The Magic Of Forged Steel - Jonas Blade & Metalworks

The Magic Of Forged Steel

Centuries before I was born, blacksmiths were regarded with reverence and wonder by the communities they served. In some cultures, like the Celts across Europe, and the Samurai of Japan, the work of the smith’s craft was perceived as near magic. Hardenable steel was literally the cutting edge of technology, and men who could take a pile of dirt and turn it into swords and plowshares could truly make or break kingdoms. Long before I ever held any ambition to become a bladesmith myself, the ring of hammer and anvil gripped me with mystery and allure. Movies set back in history showed strong, purposeful craftsmen forging strong and purposeful tools. The phrase “forged steel” conjured a sense of resolute durability and power. For huge stretches of history, it was power.

We live in a different world today, one where the power of forged steel has been left behind … or has it? Certainly, we no longer measure power by the number of swords at one’s command, however think about the regularity with which steel of this kind touches your life on a day-to-day basis: food prep, book/magazine/newspaper printing, construction, surgical procedures, agriculture, industrial manufacturing, automotive technology, and on and on and on the list goes.
One thing that most people don’t know is that there is an important distinction between forged steel in general and a forged steel knife. The difference rests in both the material itself–which by definition is a mix of carbon and iron, though the steel used to forge a knife requires a higher carbon content than say a construction girder–and in the processes used to work it. It is these two factors that make a forged steel knife so special.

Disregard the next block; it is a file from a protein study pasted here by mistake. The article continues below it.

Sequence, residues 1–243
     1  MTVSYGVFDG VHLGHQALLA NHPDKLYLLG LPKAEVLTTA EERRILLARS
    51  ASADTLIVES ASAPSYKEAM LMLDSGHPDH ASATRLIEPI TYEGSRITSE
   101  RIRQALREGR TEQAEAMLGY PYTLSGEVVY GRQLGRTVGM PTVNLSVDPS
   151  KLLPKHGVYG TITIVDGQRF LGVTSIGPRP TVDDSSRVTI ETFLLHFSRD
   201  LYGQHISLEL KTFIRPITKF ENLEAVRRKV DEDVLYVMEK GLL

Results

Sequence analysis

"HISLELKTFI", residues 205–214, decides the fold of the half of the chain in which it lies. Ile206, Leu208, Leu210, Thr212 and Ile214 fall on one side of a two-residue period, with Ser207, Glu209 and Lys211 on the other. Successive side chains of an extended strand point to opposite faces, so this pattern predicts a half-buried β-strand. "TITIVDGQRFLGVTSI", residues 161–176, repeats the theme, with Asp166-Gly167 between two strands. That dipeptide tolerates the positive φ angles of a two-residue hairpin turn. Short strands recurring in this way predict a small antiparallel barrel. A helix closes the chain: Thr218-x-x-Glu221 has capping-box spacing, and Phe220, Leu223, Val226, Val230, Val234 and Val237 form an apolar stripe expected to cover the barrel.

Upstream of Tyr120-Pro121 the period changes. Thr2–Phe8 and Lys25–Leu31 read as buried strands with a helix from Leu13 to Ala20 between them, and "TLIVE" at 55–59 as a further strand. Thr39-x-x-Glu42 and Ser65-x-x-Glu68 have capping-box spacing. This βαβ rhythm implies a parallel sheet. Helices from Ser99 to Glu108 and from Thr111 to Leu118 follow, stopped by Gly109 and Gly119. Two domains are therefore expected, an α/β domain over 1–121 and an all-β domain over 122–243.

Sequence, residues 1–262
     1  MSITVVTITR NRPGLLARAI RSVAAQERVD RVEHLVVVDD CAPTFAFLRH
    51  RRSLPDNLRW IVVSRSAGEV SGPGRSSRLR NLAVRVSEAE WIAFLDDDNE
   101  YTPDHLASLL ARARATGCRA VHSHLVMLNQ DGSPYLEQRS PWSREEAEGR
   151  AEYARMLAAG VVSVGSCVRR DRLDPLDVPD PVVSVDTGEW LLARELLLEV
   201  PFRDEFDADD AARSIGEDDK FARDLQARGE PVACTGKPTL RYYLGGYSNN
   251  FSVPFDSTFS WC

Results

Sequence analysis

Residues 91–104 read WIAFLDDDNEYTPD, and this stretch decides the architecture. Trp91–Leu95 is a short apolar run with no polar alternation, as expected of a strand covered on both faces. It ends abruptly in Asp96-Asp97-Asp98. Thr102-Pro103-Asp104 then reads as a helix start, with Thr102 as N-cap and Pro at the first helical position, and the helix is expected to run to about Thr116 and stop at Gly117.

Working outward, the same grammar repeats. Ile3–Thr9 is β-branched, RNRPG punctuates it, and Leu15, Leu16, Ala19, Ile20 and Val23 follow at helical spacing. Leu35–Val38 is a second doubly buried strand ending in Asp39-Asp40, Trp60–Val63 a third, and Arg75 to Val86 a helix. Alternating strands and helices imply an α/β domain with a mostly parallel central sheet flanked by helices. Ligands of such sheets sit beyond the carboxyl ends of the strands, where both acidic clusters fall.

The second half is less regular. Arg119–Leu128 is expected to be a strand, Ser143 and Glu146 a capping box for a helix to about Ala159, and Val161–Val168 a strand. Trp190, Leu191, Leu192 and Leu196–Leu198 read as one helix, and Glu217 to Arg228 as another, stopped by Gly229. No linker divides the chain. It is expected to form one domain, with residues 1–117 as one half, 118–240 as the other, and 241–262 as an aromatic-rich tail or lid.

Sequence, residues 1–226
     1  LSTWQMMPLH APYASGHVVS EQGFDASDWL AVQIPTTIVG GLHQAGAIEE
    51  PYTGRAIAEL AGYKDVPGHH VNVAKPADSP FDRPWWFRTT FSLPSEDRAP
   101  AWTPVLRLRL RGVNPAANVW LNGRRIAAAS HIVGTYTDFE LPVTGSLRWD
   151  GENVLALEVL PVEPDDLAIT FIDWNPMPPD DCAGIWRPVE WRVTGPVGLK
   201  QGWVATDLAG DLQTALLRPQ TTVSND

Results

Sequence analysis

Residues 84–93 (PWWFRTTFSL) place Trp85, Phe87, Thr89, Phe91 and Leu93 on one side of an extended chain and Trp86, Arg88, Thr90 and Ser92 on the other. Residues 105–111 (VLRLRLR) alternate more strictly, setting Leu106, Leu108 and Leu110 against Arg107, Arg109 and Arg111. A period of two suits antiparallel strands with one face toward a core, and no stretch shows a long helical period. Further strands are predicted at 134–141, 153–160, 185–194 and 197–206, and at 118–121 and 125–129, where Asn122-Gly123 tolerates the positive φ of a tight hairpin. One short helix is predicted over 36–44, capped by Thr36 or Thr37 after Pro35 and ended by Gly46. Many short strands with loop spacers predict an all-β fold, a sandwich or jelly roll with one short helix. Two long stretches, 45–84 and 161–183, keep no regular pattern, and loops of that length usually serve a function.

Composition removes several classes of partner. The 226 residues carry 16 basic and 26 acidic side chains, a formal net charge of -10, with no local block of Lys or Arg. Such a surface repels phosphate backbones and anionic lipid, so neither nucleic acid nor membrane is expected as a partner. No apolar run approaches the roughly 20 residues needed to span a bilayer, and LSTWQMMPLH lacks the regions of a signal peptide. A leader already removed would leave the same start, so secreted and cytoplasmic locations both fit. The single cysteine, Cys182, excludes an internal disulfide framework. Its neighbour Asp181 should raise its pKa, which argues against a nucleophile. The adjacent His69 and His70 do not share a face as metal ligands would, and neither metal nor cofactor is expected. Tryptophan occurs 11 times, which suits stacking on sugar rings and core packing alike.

Another fact that most will probably be surprised by is that forging is actually damaging to the steel! Most steel is made by melting its elements together in a high temperature vessel called a crucible. It is then poured as a uniform liquid into ingot molds. From there it can be drawn out into bars or sheets of various shapes and sizes, and then cut to the dimensions required by a given project. Throughout these processes the material is subjected to enormous thermal and mechanical stresses, so before it leaves the steel mill it will be annealed (heated to a particular temperature, and then cooled very slowly) in order to soften it and release those stresses. 


Once in the hands of a blacksmith, the steel that is forged is subjected to many of those stresses all over again, and a bladesmith has to know just how to handle his material in order to avoid and/or repair any such damage. The good news is that a skilled bladesmith can also use these stresses to his advantage and turn what is in front of him into a knife that is hundreds of times harder, tougher, and more durable than the steel he started with.


As with many modern conveniences, it is easy to take forged steel blades for granted. Mass produced knives of reasonable quality are readily available just about anywhere in the world and can be had cheaply. A handmade knife of high quality forged steel, however, is another thing altogether, offering a level of durability, utility, comfort, and beauty that has literally never been possible until now. What makes these knives special is the workmanship and attention that can be imbued by a skilled bladesmith—but what makes it possible is the magic of how steel is forged.